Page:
Election 2024 No Labels

No Labels leadership and guests from left, Dan Webb, National Co-Chair Dr. Benjamin F. Chavis, and founding Chairman and former Sen. Joe Lieberman speak about the 2024 election at National Press Club, in Washington on Jan. 18. Jose Luis Magana/Associated Press

WASHINGTON — The third-party presidential movement No Labels is planning to move toward fielding a presidential candidate in the November election, even as high-profile contenders for the ticket have decided not to run, two people familiar with the matter said Wednesday.

After months of leaving open whether the group would offer a ticket, No Labels delegates are expected to vote Friday in favor of launching a presidential campaign for this fall’s election, according to the people familiar with the matter, who spoke on condition of anonymity to discuss the group’s internal deliberations.

No Labels will not name its presidential and vice presidential picks on Friday, when roughly 800 delegates meet virtually in a private meeting. The group is instead expected to debut a formal selection process late next week for potential candidates who would be selected in the coming weeks, the people said.

Democratic President Biden and Republican Donald Trump’s romp on Super Tuesday all but ensured a November rematch of the 2020 election. Polls suggest many Americans don’t have favorable views of Biden or Trump, a dynamic No Labels sees as an opening to offer a bipartisan ticket. But Biden supporters worry No Labels will pull votes away from the president in battleground states and are critical of how the group won’t disclose its donors or much of its decision-making.

No Labels officials would not publicly confirm plans for Friday’s meeting. In a statement, senior strategist Ryan Clancy said only, “We expect our delegates to encourage the process to continue.”

The two people familiar with the group noted that No Labels’ plans could change ahead of the vote. But they said there has been enthusiasm across its regional chapters for running a candidate, giving momentum to the idea of a vote on Friday.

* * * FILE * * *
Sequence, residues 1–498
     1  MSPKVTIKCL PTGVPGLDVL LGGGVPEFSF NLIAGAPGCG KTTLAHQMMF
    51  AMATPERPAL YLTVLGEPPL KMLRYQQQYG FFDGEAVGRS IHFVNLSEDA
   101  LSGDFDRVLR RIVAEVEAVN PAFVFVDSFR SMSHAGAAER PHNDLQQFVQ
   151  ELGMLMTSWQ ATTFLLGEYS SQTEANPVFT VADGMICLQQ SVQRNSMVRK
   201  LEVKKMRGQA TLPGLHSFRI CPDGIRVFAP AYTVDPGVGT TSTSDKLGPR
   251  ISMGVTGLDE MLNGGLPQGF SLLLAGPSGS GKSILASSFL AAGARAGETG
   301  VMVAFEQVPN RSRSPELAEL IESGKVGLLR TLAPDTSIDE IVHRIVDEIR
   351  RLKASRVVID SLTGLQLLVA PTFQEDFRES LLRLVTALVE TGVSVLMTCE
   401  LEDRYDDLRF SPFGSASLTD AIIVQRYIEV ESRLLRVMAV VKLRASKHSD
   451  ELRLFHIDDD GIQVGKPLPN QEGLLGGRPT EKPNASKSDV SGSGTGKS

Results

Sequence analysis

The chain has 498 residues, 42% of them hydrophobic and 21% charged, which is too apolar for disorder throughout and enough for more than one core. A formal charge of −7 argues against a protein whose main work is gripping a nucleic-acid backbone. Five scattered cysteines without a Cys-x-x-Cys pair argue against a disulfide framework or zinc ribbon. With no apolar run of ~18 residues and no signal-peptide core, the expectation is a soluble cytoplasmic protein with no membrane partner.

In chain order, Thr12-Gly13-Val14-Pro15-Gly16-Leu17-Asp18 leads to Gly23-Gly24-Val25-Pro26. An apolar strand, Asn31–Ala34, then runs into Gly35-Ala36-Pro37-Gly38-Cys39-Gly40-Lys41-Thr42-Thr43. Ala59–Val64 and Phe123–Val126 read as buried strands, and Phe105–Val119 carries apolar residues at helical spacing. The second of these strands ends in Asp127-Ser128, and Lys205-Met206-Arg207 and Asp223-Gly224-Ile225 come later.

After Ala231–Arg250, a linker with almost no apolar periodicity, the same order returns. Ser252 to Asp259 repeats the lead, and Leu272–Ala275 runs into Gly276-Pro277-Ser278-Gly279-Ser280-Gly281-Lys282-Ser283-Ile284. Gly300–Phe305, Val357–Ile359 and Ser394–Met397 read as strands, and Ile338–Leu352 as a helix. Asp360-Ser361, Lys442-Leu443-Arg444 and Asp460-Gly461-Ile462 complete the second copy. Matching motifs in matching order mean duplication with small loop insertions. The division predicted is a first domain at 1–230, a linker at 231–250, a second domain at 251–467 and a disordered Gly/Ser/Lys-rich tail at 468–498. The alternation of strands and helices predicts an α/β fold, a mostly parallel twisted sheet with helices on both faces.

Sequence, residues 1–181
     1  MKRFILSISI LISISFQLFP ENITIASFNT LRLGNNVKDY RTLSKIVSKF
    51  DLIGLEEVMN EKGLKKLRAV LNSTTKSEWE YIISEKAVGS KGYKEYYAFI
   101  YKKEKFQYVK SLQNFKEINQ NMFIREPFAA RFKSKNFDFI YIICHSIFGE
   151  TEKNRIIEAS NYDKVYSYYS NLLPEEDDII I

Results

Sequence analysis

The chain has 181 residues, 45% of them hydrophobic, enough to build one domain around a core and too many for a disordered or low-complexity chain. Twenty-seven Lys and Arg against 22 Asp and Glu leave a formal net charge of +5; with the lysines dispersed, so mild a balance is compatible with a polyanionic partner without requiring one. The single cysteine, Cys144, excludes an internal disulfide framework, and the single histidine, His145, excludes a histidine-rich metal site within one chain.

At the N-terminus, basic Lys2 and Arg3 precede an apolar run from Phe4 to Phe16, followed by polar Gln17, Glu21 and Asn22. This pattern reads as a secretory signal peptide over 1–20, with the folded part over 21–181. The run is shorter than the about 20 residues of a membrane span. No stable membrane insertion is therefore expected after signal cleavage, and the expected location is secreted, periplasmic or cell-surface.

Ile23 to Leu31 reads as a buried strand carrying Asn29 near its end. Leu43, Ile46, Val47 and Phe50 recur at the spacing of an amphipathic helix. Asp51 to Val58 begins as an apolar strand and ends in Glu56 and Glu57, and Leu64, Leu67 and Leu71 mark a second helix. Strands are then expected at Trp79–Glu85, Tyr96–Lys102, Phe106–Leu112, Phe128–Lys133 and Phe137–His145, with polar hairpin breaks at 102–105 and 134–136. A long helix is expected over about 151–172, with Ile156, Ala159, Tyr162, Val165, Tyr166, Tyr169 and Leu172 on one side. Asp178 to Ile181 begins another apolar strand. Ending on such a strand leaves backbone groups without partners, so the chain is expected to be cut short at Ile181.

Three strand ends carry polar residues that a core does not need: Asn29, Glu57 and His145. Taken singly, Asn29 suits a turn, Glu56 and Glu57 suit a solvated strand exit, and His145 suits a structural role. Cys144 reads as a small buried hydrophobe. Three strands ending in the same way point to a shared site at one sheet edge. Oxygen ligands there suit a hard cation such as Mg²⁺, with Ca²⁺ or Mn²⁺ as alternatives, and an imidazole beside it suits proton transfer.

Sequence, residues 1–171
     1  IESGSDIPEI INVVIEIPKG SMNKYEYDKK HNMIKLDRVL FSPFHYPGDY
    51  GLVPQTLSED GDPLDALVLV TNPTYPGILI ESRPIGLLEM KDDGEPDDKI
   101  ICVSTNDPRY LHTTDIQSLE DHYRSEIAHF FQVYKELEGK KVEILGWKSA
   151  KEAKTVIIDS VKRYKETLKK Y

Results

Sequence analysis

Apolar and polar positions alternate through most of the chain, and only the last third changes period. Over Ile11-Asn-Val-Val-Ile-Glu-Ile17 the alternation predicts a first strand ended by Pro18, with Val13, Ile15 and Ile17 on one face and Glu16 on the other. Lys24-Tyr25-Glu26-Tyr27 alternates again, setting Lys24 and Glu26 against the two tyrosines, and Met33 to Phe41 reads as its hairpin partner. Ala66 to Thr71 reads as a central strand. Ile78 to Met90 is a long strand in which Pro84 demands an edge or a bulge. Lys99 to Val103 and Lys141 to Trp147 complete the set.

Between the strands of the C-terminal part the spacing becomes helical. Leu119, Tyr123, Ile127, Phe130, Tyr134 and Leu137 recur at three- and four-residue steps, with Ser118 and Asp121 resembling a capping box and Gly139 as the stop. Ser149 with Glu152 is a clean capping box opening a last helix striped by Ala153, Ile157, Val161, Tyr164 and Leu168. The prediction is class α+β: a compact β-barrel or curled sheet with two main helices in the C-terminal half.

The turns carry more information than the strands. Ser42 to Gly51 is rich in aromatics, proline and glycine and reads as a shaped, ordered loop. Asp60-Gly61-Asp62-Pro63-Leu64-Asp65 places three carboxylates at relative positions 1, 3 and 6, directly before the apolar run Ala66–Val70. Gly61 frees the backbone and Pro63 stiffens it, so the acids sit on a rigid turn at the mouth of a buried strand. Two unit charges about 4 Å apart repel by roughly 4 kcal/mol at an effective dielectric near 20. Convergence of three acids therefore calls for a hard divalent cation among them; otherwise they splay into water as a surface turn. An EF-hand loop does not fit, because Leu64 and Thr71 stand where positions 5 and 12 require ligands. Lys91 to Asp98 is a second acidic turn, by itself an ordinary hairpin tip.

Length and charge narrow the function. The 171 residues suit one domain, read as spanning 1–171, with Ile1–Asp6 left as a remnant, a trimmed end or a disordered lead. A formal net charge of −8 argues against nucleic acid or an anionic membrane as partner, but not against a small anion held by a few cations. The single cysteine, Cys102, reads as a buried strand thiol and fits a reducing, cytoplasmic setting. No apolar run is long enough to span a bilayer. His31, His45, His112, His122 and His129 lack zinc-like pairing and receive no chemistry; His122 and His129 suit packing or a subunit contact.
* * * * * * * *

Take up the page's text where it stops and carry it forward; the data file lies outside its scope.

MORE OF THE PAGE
The group has been weighing what it would present as a “unity ticket” to appeal to voters unhappy with both Biden and Trump. No Labels’ strategists have said they’ll give their ballot line to a bipartisan ticket with a presidential nominee from one major party and a vice presidential nominee from the other if they see a viable path to victory.

Group officials have said they are communicating with several potential candidates but have not disclosed any names.

Former U.N. Ambassador Nikki Haley has said she’s not interested in running as a No Labels candidate. After Haley dropped out of the Republican race on Wednesday, No Labels in a statement congratulated her for “running a great campaign and appealing to the large swath of commonsense voters.”

West Virginia Sen. Joe Manchin, a moderate Democrat who is not seeking re-election this year, has said he will not seek the presidency. Republican former Maryland Gov. Larry Hogan, who had been involved with No Labels, is instead seeking a U.S. Senate seat in November.

No Labels has stockpiled cash from people it has declined to name, including former Republican donors who have become disenchanted with the party’s direction in the Trump era, and worked to secure ballot access in every state.

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